What Are the Different Types of Leather That Exist Today?

What Are the Different Types of Leather That Exist Today? | People have worn animals skins since the dawn of time, but the Egyptians first discovered how to tan leather around 7,000 years ago

Back in the day, leather was a handy, albeit hard-won, benefit of eating meat, and what you saw was what you got. Nowadays, leather is still a by-product of the meat industry, but it’s also become a sought-after and expensive commodity.

That’s why it’s important to know the different types of leather before you go shopping for your next pair of shoes or a purse. 

Grades of Leather

Since leather comes from a living creature, no two pieces of leather are the same. There are some ways to ensure you get the best bang for your buck when buying leather, though.

Unless you know the difference between the grades of leather, you could easily end up paying top dollar for substandard leather. Here’s how to tell the difference: 

Full-grain Leather

Full-grain leather is the highest quality leather available. It comes from the outer layer of the hide and has densely packed fibers and fine grain.

This type of leather usually has small natural imperfections that make each piece unique. Full-grain leather without imperfections is extremely rare. 

With full-grain leather, tanners remove only the hair from the hide during the tanning process. The result is a highly durable material suitable for hard-wearing use.

Full-grain leather is the best leather for high-end saddlery, footwear, and upholstery.

Top-grain Leather

Top-grain leather is similar to full-grain leather since it comes from the top layer of the hide. The difference is that this layer’s sanded or buffed to remove any imperfections.

The result is leather that’s easily shaped and dyed. This type of leather is popular for wristwatch straps, wallets, handbags, and book casings.

Genuine Leather

Genuine leather comes from any layer of the hide and is also sanded or buffed to perfection. It’s used for a wide range of things like clothing, footwear, belts, and other accessories.

Split-Grain Leather 

This type of leather comes from the lower levels of the hide. It’s called split-grain because it’s the bottom layer that’s left after manufacturers remove (split) the more desirable top sections from the hide.

Split grain isn’t as strong as the other types of leather, but it’s flexible and soft. That means it’s suitable for far more embossing and coloring options.

Suede, which is a popular material for shoes, also comes from split-grain leather.

Bonded Leather

This type of leather comes from various leather scraps bonded together with polyurethane or latex. The amount of leather in each piece varies considerably, so there’s no guarantee of quality.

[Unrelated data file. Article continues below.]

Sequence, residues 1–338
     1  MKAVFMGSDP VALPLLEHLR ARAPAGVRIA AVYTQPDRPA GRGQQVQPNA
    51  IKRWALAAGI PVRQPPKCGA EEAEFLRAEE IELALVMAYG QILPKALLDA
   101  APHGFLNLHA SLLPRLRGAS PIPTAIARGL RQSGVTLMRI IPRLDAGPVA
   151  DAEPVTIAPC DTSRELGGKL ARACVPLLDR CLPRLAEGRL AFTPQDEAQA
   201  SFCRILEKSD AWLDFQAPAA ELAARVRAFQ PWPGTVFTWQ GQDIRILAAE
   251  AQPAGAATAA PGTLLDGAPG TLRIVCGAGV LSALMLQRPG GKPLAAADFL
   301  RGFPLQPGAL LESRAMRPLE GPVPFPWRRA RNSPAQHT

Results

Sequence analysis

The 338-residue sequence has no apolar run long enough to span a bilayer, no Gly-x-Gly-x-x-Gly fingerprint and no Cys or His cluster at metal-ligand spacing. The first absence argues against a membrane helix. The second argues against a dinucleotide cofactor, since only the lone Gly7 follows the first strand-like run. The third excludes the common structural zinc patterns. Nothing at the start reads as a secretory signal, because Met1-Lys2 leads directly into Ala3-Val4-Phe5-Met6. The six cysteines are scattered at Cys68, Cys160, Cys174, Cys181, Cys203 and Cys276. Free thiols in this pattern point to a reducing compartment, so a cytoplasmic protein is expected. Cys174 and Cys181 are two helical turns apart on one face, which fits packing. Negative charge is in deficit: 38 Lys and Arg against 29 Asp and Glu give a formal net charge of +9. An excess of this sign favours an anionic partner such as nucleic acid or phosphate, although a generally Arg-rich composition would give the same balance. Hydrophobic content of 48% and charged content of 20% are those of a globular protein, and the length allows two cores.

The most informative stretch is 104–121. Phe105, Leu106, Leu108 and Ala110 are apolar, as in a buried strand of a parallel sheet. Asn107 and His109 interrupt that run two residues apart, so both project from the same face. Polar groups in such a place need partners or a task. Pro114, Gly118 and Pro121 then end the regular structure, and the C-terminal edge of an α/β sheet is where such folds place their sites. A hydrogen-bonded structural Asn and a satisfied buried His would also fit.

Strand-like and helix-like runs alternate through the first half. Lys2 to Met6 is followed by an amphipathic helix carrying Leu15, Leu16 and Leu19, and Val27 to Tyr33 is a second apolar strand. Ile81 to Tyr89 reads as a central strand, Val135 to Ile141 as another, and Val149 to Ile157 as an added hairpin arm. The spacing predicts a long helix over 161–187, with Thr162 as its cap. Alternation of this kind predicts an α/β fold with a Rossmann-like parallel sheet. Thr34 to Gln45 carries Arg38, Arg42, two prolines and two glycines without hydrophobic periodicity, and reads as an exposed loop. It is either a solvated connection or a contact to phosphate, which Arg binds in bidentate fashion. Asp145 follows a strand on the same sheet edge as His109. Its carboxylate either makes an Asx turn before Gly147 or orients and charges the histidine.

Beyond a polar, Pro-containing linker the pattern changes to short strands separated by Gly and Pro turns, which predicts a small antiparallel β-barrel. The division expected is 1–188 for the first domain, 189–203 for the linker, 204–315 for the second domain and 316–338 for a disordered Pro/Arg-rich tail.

Some manufacturers use bonded leather as filler or to create couches and other furniture. 

Types of Leather Styles

Wait there’s more. Manufacturers can enhance these basic types of leather even more during the leather tanning process to create appealing textures and looks.

These are the most popular leather styles:


This is high-quality leather with rich natural color variations. It’s produced via natural oil tannage.


Tanners produce Navigator leather by infusing the hide with oil to give it a smooth, rich hand feel.

You can rub out any scratches easily and the natural color variations that occur with wear only enhance the appeal of this type of leather. 


Harness leather is largely untreated with oils. It’s extremely tough and developed natural color variations over time.

Nappa or Smooth

Tanners dye Nappa leather with water-soluble colorants that resist discoloration from light. This leather is super smooth with a minimal grain texture. 

Pebble Grain

Pebble grain is a feature of both double-face luxe leather and natural leather. It creates a unique appearance and is also scratch-resistant. 


Nubuck comes from top-grain calfskin, which is extremely resilient. This leather is naturally thick and tough, so the outer layer’s refined and buffed to create a velvety-soft finish.


Natural leather stays in its organic state, it’s not dyed before going to market, like most other leathers. This type of leather develops an appealing worn look over time. 


Signature leather is also undyed, but it’s buffed to a smooth shine that gradually mattes over time. This type of leather is rich and supple.  

Leather Alternatives

The strong emphasis on ethical practices regarding animals has led to the rise of several other types of kinder leather. These are:

Vegan Leather

Vegan leather comprises plastic and plant materials and has no animal derivatives. So, while it’s kind to animals, it’s not sustainable at all and might even produce harmful emissions.

Apart from the animal aspects, variety is one of the major benefits of vegan leather. Plastic is a versatile material, so it offers infinite design opportunities. 

Ethically Sourced Leather

Ethically sourced leather differs from vegan leather in several respects. Firstly, there’s no plastic involved in creating this leather. It’s the same as genuine leather, except it comes from animals that have died naturally and not at the slaughterhouse.

This makes ethically sourced leather more expensive than the mass-produced variety. It’s up to you whether you think this is a small price to pay for a clear conscience. 

Enhance Your Look With Leather

Whichever types of leather you prefer, there’s no doubt that accessories made from this material can add elegance and flair to any outfit.

Leather’s a versatile option for shoes and handbags. You can easily match many outfits to one leather item, making it worth the substantial upfront cost of this durable material.

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